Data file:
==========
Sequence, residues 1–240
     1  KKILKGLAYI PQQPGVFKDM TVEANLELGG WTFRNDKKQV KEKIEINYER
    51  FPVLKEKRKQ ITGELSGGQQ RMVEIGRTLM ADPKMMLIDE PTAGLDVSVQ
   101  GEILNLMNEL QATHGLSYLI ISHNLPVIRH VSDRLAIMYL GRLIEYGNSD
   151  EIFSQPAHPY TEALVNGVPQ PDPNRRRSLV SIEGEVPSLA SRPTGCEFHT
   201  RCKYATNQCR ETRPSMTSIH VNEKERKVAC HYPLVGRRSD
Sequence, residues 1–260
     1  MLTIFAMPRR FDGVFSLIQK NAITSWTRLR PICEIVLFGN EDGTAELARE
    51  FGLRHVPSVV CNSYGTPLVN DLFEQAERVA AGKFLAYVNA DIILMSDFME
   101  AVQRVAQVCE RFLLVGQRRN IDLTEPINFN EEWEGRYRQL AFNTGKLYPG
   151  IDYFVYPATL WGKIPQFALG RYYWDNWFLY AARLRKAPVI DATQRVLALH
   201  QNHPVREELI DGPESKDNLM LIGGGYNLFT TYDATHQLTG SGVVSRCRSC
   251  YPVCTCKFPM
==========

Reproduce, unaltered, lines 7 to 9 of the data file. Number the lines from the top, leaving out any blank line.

Sequence, residues 1–260
     1  MLTIFAMPRR FDGVFSLIQK NAITSWTRLR PICEIVLFGN EDGTAELARE
    51  FGLRHVPSVV CNSYGTPLVN DLFEQAERVA AGKFLAYVNA DIILMSDFME